The following are some excerpts of the diary of a man who was there is the early days of 1848. The name of his book is:
The California Gold Fields in 1848,

Ever since we had been at the saw-mills we had heard it constantly said, that at Weber's Creek the gold was to be found in far greater abundance : and to Weber's Creek we determined to go. The stream thus called is a small tributary to the northern fork of the Americans' River. We struck our tents yesterday morning, loaded our horses, and took our departure.

Some few of them worked in the bed of the river, but the great majority were engaged in the ravines leading up the mountains. The greatest quantity of gold dust was found in the former, while the latter yielded the best specimens of lump and scale gold. We were told that, though the side gullies were very rich, yet they were more uncertain than the main stream. Lumps of gold, weighing several ounces, were continually met with, but a morning was often wasted and nothing found ; whereas, if a man stuck to the main part of the stream, and washed all day long, he was sure of his ounce or couple of ounces of gold. For these reasons we determined to stand by the river.



Towards evening we entered the valley drained by the stream called Weber's Creek. There was quite a camp here not to the same extent as the Mormon diggings, but still the washers were numerous. After a few weeks, these washings had become nearly as crowded as the Mormon diggings were when we left them, and immense sums have been made by some of the luckier adventurers amongst the ravines. The whole valley is dotted over with tents and green bush arbors, and there is hardly a water course but which is sprinkled with miners digging, sifting, and washing. About half of the people work together in companies the other half shift each for himself. There are hundreds of Indians, many of them fantastically dressed, for they can purchase fine clothing now, even at the extravagant rates at which all articles are charged at Weber's store. The atmosphere continues exceedingly sultry, and the miners who work by the river, out of the shade, have in several instances sunk exhausted under the toil. Dysentery, produced probably by unwholesome food, has also begun to show itself, and altogether the aspect of things is any thing but cheerful.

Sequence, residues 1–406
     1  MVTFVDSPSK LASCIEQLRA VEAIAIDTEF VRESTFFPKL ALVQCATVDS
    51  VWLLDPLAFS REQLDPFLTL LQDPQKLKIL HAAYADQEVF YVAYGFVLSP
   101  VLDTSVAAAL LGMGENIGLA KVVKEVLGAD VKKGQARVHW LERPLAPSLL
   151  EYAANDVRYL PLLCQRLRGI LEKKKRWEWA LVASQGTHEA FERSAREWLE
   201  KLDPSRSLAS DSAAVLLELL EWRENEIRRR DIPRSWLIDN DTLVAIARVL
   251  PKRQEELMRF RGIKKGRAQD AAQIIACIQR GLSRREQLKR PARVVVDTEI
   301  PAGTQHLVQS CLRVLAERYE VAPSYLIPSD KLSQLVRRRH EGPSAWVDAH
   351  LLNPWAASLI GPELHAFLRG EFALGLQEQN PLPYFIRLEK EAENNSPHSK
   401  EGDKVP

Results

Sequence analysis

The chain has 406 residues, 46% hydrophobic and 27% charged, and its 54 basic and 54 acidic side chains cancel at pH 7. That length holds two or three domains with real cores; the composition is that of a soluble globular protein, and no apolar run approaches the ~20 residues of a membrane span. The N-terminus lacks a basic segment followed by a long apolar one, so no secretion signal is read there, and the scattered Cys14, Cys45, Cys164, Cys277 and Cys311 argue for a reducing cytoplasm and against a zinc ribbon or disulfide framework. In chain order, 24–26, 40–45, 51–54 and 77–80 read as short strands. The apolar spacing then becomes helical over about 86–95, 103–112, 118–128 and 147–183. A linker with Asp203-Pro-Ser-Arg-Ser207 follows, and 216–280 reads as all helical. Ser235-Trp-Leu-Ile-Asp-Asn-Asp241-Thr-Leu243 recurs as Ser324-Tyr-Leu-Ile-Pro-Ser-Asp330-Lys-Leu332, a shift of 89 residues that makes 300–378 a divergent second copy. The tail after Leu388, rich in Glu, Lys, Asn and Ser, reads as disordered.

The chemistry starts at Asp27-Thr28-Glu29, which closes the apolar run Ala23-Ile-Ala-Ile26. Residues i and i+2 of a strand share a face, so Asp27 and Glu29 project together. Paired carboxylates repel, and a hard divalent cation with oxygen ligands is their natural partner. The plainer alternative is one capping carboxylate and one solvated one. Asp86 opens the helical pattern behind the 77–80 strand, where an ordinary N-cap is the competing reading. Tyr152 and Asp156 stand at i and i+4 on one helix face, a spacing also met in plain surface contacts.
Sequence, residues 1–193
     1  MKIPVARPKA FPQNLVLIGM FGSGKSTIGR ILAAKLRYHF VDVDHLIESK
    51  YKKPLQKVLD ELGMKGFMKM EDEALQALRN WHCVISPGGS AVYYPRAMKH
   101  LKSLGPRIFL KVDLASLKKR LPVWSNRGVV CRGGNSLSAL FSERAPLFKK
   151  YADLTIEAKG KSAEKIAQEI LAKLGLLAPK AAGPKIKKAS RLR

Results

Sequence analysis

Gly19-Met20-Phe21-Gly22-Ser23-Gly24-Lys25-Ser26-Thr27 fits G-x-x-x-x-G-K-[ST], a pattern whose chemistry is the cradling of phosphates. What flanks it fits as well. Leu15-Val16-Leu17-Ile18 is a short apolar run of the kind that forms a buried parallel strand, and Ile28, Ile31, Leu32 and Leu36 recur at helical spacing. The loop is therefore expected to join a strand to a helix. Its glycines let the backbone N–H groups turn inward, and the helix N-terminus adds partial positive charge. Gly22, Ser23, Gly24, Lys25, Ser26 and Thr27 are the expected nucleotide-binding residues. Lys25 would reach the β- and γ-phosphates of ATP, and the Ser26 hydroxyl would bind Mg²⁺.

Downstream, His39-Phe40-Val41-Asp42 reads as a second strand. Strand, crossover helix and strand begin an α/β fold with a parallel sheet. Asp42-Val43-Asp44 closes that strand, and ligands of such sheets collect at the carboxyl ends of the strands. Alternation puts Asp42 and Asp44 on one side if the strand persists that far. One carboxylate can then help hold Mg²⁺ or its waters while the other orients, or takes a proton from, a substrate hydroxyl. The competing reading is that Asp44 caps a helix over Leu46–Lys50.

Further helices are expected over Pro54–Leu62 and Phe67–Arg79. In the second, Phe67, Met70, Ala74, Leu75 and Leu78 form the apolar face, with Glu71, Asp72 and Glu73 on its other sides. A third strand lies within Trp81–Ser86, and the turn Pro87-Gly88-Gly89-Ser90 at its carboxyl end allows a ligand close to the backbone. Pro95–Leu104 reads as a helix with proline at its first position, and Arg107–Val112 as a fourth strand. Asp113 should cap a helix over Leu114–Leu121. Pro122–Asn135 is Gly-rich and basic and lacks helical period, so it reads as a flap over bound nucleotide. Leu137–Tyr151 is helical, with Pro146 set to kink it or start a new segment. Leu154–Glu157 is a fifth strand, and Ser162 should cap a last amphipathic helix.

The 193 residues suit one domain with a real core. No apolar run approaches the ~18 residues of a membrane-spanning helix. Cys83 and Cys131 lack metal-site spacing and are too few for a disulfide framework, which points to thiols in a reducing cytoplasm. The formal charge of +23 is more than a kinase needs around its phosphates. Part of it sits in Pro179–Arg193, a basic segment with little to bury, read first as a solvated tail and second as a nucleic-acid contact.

Yesterday, a large party, many of them Mormons, started for the Bear River, a small stream which runs into the Sacramento, and is said to be about fifty miles distant, due north from where we are encamped. Not long afterward, we determined to start for the Bear River as well. After our arrival, rested somewhat late on Saturday morning to make up for the fatigues of the journey from Weber's Creek. On surveying the Bear River country we found ourselves in a perfect solitude. Not an Indian, far less a white man, was to be seen. The fertile valley of the Bear River with its luxuriant grass, in which nestled coveys of the California quail seemed almost untrodden by human foot, and sloped in great beauty between the ridges of rocky hills and peaks of granite, with dark ravines and canons between, which hemmed it in. Our first care was of course to try the capabilities of the country in the way of gold, We therefore separated ourselves, and sought different points of the channel of the stream, and different chasms, which in the winter time conducted the mountain torrents into it.